Robert Sheckley is a maddening author to read.  He could have been a famous
crossover talent, breaking out of the sci-fi ghetto into the literary mainstream, a
master of the profound and the absurd attuned to the emerging counterculture
of the 1960s. Certainly Sheckley possessed all the ingredients for greatness:
unfettered imagination, a deft prose style, a wild sense of humor, a philosophical
bent, and an acute eye for the fashions and foibles of his fellow earthlings.  

Yet Sheckley's longer works suffer from a slapdash
sensibility. The plots wander, characters are hastily
constructed without drive or focus, incidents are
strung together without rhyme or reason, and dropped
as soon as Sheckley loses interest with them—which
is usually sooner  rather than later. Even Vonnegut
seems like a tight formalist by comparison. Sheckley's
extended efforts are marketed as novels, but they remind
me more of those old Broadway revues from the Jazz
Age, in which a series of set pieces and routines are
presented for the entertainment of the audience, with
only the most cursory attempt at linking them together
into a narrative.

Yet the miracle in this novel about miracles is that
Sheckley can achieve so much despite these shortcomings.
The man was brilliant, make no mistake about it.  
Dimension of Miracles has no
structure, no narrative arc, but almost every page offers something pleasingly zany
or piquant or provocative for your enjoyment. The characters may be made of
cardboard, but they are colorfully decked out. The dialogue can seem aimless, yet
somehow manages to address deep issues amidst all the superficial chatter. Put
simply, the book is a mess, but still only a few steps away from earning accolades
as a masterpiece.  

When tackling longer forms, Sheckley typically returned to the earliest origins of
science fiction as speculative travel literature—we see the roots of this in the sci-fi
interlude in
Gulliver’s Travels, and Jules Verne later established it as a powerful
formula for the genre. In truth, we can trace this loose travel-oriented structure for
an adventure narrative back to Homer's
Odyssey, or even more distantly to various
myths and legends, which rely on a hero’s journey into the unknown as a entry point
into conflicts, discoveries and awe-inspiring sightseeing.

Alas, Sheckley wants to write sci-fi travel narratives, but he has no patience with any
journey that takes more than a fraction of a second, let alone time-consuming space
flights into distant galaxies.  So in
Dimension of Miracles, as with his other leading
novels
Mindswap and Immortality, Inc., the story begins with his unwitting protagonist
getting transported, almost magically, into the first of a series of anxiety-provoking
incidents. When the first adventure loses steam, the hero gets transported to another,
typically unrelated, situation, which serves as the setting for the next crisis. And so on
and so forth.

In
Dimension of Miracles, the hero is Tom Carmody, a hapless New Yorker
('hapless' is almost always the right word to describe a Sheckley protagonist).  
A messenger arrives in Carmody's living room, amidst a bolt of lightning and
clap of thunder, and tells him that has won the Galactic Lottery. Carmody is
ushered off to the Galactic Center to claim his prize, a trip that proves to be
"brief, lasting no more than Instantaneity plus one microsecond squared."  
Readers are never quite clear what the prize is—it starts out as a "small,
brightly-wrapped parcel" but changes shape and nature several times during
the course of the book. Yet whatever its form, it can speak, and turns into an
amiable, but occasionally petulant, sidekick for the resulting adventures.

Carmody now wants to return home, but the bureaucrats at the Galactic Center
prove even more incompetent than their counterparts on planet Earth. They aren't
sure how to get the prize-winner back to New York, or even to the right solar system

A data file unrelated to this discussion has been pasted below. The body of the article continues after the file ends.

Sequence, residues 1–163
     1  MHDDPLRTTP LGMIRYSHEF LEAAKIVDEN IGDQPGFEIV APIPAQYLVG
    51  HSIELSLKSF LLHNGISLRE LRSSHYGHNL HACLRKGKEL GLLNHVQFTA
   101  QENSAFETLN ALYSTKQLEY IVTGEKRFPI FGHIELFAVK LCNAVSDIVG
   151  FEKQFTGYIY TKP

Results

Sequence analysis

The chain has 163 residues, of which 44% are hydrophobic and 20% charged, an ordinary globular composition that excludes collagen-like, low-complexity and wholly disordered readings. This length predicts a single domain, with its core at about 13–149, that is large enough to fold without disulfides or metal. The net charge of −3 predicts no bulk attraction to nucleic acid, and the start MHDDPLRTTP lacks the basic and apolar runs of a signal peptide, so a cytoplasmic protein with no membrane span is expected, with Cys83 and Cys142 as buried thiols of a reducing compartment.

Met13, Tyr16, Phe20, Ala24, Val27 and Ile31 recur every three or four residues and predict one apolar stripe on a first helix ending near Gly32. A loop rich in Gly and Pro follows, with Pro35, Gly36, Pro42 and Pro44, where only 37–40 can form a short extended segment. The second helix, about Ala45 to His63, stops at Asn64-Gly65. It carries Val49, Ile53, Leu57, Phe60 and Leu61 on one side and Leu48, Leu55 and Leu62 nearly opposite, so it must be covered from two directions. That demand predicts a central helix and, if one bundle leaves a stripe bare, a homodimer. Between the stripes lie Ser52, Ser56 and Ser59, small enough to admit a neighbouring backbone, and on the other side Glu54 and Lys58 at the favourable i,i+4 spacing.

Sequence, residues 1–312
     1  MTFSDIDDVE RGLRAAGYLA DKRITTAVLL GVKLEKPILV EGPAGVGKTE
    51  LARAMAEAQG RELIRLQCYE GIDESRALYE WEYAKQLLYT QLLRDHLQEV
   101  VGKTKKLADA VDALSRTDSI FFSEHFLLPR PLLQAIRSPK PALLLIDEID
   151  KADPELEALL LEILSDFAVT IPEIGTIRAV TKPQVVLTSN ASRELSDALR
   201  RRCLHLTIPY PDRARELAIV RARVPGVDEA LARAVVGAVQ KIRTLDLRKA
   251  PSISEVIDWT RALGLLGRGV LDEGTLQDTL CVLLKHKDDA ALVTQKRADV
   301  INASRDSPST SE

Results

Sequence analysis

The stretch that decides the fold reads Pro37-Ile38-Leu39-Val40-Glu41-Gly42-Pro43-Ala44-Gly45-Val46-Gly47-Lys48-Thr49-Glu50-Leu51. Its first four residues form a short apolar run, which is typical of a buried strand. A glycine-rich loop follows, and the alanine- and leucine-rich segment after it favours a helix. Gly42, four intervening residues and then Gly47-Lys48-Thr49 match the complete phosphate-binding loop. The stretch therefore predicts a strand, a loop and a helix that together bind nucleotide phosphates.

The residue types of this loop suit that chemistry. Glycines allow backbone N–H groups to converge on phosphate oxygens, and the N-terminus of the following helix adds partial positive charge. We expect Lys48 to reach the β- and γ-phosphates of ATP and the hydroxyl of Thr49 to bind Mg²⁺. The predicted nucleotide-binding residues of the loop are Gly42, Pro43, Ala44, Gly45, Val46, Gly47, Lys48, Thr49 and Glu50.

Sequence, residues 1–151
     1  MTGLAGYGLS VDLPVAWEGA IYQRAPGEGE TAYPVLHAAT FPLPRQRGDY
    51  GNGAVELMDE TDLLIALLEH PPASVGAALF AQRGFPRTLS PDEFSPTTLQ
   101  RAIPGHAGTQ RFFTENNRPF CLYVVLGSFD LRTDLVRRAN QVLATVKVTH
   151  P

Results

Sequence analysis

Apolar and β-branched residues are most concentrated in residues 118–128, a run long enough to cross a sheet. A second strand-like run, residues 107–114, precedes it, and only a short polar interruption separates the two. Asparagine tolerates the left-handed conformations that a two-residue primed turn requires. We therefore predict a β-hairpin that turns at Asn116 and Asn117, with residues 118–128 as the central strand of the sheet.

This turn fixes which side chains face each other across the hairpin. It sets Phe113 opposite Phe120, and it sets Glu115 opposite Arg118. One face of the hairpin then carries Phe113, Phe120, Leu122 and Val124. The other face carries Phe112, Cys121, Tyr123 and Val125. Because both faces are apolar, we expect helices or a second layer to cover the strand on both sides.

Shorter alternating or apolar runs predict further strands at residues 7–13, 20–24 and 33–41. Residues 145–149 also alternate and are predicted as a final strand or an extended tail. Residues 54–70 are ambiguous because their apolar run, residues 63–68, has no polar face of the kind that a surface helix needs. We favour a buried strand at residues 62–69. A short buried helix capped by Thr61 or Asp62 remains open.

and correct universe.  He must travel around, checking in with various local deities
in the galaxy, until he finds the god-like force that can bring him back to Manhattan.    

This is not a promising beginning, but Sheckley doesn’t need much to work his
wonders. Carmody gets to interrogate some quasi-deities during his travels, and
these scenes are so smartly written that you could even assign them as required
reading for theology students, and stir up a devilish debate. God should never appear
as a character in your novel, Philip K. Dick once warned, but Sheckley shows that
you can safely ignore this advice—at least if you are as clever as him in constructing
dialogues between a wandering New Yorker and an omnipotent being.  

But Sheckley, true to form, quickly loses interest in everything, even the process of
divine creation.  After interviews with two deities—the fickle Melichrone and the
cost-cutting Maudsley—Carmody is transported (again instantaneously) into a
series of probable Earths in possible Universes.  The science here is vague and
fuzzy, and the metaphysics even less solid, but Sheckley only wants a pretext for
various skits and satire. He sends Carmody to a city so perfectly constructed that
all of the inhabitants have abandoned it.  Then Carmody travels to another universe
in which everyone speaks in
Mad Men-era advertising copy. And then Carmody
must deal with a dangerous predator who can take on the appearance of a space
ship, a subway station, or whatever else it needs to camouflage its intention of
swallowing up our hapless hero. (Yes, 'hapless' is the right word again.)

The book fizzles out at the end. Sheckley isn't very good at tying together loose
ends. Let's be honest, he hardly even makes an effort here.  Many have seen
Dimension of Miracles as a precursor to Douglas Adams's The Hitchhiker's
Guide to the Galaxy—Adams, who didn’t know about Sheckley’s work when he
wrote his bestseller, was later struck by the similarities. But even the rambling
Adams offers more closure than Sheckley, who seems to stop worrying about
his characters' problems after a few hours of writing (or perhaps when he reaches
the requisite daily word count).

Yes, this is maddening. With a little more attention to the nuts and bolts of writing,
Sheckley might have delivered one of the great counterculture classics. Instead,
Dimension of Miracles is not only mostly forgotten, but even unavailable in print.  
If you want a hardcover copy, be prepared to shell out more than five hundred
dollars. Yet this is Sheckley's strongest novel, and even with its flaws, well worth
reading.  


Ted Gioia writes on music, literature and popular culture. His next book, a history of
love songs, is forthcoming from Oxford University Press.

Publication date: July 21, 2014
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Abbott, Edwin A.
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The Hitchhiker's Guide to the Galaxy

Aldiss, Brian
Barefoot in the Head

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Hothouse

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Report on Probability A

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The House of the Spirits